Thursday, February 6, 2020

If this is Thursday it must be postcards, 437

Ernest Ansermet
[photo from the collection of Laurent Kasper-Ansermet]

This week’s postcard is a first day cover, a postage stamp on a cover, postcard or stamped envelope.  First day covers frequently have a pictorial cancellation, such as this one with the music treble clef, name of the city, and the date.  The card is unused; therefore, it was not sent through the mail and not cancelled as most stamps are on used cards.  This type of card is a collector item but not as coveted as a used and officially cancelled card on the exact day or first day of issue.  A card like this one might have had the first day postmark applied weeks or even months after the date indicated so there is no way to tell if the card was purchased on the exact date printed in the cancellation.  First day covers often have an illustration that relates to the theme of the stamp.  This type of illustration is called a cachet.  The photograph of Ernest Ansermet on the right side is the cachet on this postcard.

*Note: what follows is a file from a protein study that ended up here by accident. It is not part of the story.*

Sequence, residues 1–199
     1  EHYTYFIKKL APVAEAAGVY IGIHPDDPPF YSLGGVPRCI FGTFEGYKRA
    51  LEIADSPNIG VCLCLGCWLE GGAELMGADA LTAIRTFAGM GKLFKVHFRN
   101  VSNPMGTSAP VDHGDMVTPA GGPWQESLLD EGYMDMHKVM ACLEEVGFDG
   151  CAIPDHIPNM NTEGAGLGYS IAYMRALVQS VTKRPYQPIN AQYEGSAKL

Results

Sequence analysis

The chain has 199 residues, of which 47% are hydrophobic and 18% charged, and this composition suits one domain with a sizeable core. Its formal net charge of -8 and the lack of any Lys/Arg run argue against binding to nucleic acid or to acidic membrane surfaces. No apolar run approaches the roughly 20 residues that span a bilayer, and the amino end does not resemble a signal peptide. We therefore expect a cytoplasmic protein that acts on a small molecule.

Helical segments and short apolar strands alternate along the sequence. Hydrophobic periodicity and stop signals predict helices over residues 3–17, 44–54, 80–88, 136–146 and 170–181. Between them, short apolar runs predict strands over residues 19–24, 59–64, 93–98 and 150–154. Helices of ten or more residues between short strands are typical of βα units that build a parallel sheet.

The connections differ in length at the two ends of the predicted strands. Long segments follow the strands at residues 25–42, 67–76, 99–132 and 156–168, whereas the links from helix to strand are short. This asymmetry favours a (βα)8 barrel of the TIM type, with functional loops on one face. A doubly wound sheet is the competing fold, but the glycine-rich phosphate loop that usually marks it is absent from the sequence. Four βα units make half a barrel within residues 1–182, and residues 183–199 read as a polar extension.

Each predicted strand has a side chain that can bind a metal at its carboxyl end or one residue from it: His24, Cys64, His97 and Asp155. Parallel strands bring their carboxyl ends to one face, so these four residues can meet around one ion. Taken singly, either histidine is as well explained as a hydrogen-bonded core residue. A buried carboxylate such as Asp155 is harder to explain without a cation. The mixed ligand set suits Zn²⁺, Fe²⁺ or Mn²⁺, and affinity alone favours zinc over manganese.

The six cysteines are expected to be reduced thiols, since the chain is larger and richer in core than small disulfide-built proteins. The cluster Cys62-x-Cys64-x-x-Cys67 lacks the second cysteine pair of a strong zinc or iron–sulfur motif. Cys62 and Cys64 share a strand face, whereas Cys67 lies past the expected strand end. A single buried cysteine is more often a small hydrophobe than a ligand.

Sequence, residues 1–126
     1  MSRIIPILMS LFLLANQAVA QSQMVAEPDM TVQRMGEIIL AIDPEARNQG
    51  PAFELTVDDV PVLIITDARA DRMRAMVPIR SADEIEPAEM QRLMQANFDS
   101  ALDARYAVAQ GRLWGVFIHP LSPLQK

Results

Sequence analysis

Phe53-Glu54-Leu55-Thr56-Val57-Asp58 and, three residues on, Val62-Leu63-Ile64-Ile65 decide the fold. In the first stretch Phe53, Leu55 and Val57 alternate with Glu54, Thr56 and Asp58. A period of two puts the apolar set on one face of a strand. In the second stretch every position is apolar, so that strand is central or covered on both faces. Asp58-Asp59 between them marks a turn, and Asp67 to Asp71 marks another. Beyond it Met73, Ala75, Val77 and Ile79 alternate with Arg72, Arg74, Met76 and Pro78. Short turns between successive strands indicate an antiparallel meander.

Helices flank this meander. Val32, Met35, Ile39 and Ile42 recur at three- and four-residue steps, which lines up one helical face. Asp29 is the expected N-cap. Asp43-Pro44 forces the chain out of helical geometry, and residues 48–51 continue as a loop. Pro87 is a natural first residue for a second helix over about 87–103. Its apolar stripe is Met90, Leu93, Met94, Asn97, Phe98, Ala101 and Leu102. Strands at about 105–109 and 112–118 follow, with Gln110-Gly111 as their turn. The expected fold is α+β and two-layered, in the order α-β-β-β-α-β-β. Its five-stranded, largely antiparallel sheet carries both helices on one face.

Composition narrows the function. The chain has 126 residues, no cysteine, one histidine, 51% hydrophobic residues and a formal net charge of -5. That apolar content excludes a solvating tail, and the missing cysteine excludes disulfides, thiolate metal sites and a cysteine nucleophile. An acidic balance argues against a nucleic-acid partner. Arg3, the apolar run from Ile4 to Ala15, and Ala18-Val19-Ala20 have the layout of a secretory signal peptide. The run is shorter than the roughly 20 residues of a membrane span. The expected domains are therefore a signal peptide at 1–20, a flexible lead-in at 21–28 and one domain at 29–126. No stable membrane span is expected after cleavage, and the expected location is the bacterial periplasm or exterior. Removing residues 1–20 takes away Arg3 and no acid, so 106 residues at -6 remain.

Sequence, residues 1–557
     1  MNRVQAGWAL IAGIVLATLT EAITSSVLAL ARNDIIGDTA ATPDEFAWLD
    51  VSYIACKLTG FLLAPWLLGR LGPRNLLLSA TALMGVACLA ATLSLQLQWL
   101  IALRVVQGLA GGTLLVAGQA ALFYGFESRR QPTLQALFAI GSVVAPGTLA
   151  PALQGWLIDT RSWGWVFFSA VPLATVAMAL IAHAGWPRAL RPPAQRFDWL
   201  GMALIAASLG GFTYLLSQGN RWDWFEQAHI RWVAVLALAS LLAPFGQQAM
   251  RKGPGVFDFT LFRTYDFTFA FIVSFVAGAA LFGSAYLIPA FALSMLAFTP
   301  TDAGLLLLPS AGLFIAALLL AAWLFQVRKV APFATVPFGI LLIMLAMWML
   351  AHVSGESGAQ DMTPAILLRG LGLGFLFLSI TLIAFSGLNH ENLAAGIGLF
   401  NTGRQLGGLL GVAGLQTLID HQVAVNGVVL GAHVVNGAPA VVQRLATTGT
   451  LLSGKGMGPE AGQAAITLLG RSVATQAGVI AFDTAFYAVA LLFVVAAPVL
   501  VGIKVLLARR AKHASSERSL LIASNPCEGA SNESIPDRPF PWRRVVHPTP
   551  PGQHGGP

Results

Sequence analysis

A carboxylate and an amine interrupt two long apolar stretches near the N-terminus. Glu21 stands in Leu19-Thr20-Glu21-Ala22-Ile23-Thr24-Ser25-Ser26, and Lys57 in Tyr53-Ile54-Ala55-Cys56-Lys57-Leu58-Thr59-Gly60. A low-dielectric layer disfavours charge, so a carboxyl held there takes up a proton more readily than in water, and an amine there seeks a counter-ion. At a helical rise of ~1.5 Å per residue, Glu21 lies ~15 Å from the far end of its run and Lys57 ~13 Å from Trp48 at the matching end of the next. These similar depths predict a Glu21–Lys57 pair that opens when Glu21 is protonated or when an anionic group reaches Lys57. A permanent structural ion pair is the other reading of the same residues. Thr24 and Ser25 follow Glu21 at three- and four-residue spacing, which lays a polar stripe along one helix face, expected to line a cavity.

Ernest Ansermet (1883-1969) was a Swiss orchestra conductor who rose to international prominence after World War II through a long-term association with Decca Records.  Originally he was a mathematics professor at the University of Lausanne.  He began conducting in 1912 at the Casino in Montreux, then between 1915 and 1923 he was the conductor for Diaghilev’s Ballets Russes.   During those years he met and consulted with Claude Debussy and Maurice Ravel about how their works should be performed.  He also met Igor Stravinsky and began a lifelong interest and association with Russian music.  In 1918 he founded his own orchestra, the Orchestre de la Suisse romande (OSR).  He became famous for accurate performances of difficult modern music on his travels in Europe and America.   He was also one of the first in the field of classical music to take jazz seriously.

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